In a recent BBC film, Roman Kemp explored how mental health problems can be related to ideas about masculinity. He understands that the causes of suicide are always complex and never related to one single issue.
However, he states, “No matter what, there is still an idea that the man is the breadwinner of the family. The man is the person that has to have a family, has to find the ‘perfect person’ and be happy with them, have kids and help them financially … And sometimes that pressure for guys is too much.”
Add to that, the pandemic – and the financial toll that comes with it. Roman states that Covid has an impact as well.
“The pandemic has just accelerated everything,” he says. “It’s accelerated people’s depression, anxiety, fears. We’re living in a world now where it’s literally like ‘fear porn’ – how can the world be scared next?”
“And for someone who is already going through something mentally, when you start hearing about job losses, people not even being able to put food on the plate for their family, that’s a serious thing that – especially for guys – is a tough, tough thing to take.”
Roman stated that guys suffer hugely with thinking they’re not where they should be in their life. They feel they can’t take a pause for themselves.
Roman visited organizations across the UK that are trying to help young men struggling with mental illnesses, like an emergency street triage team in Nottingham who dispatch mental health workers to people in crisis and a charity called Lighthouse, in Belfast, that helps boys and young men who’ve been affected by suicide.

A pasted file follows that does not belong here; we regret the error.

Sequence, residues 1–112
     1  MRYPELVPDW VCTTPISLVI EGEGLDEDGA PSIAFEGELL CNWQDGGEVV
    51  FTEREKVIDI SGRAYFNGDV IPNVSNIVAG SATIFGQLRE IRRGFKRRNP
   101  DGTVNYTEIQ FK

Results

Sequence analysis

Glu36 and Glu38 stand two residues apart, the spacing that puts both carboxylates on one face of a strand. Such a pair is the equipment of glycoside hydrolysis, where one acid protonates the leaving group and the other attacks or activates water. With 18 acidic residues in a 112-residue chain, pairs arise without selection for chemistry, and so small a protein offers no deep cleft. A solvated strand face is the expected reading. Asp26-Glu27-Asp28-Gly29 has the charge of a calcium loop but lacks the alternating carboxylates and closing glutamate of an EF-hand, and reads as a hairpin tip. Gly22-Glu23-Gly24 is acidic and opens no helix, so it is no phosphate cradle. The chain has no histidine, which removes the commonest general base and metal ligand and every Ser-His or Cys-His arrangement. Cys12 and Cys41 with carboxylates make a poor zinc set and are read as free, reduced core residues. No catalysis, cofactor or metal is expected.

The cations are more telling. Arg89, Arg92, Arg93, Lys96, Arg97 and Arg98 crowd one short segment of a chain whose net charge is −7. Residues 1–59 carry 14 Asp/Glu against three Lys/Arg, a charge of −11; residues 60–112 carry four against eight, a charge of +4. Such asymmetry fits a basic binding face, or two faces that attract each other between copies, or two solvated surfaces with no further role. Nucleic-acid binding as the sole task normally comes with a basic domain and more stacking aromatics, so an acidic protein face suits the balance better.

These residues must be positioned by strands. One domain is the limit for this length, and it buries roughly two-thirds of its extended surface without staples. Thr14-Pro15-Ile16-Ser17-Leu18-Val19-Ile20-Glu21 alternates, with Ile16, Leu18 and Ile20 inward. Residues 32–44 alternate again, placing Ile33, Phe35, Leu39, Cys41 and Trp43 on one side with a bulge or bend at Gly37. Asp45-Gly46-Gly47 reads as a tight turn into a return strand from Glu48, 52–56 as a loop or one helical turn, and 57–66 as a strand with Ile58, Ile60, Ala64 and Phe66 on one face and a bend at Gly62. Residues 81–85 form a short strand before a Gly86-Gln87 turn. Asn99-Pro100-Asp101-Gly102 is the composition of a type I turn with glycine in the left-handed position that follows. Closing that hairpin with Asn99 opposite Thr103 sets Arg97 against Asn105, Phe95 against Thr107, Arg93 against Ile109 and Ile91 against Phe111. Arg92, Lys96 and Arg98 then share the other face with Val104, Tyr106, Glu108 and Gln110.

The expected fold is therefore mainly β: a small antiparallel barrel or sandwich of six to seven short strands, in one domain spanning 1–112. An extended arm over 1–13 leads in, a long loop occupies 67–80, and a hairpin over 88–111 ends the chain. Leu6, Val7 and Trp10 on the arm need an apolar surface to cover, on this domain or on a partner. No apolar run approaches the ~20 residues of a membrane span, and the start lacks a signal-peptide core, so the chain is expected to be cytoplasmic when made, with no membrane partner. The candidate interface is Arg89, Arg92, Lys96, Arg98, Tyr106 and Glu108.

“You’ve got light at the end of the tunnel in terms of groups and charities starting to make this movement happen,” he says.
But Roman also believes the government needs to take mental health issues more seriously.
“Not enough is being done,” he says. “To not have the support in place for kids, in my opinion, is disgraceful. There’s not enough budget there. There’s not enough onus put on it.”
It is often very challenging for men to talk about their experiences and seek support. Asking for help is not a sign of weakness.
Governments everywhere, need to pause, listen, and put our hard-earned money toward helping those who suffer from mental health issues.
According to the AFSP for 2019, Global
- An estimated 703,000 people die by suicide worldwide each year.
- Over half (58%) of all deaths by suicide occur before the age of 50 years old.
- The suicide rate is over twice as high among men than women.
- An individual suffering with depression is twenty times more likely to die by suicide than someone without the disorder.
According to the AFSP for 2019, in the US:
- The age-adjusted suicide rate in 2019 was 13.93 per 100,000 individuals.
- In 2019, men died by suicide 3.63x as often as women.
- White males accounted for 69.38% of suicide deaths in 2019.
- On average, there are 130 suicides per day.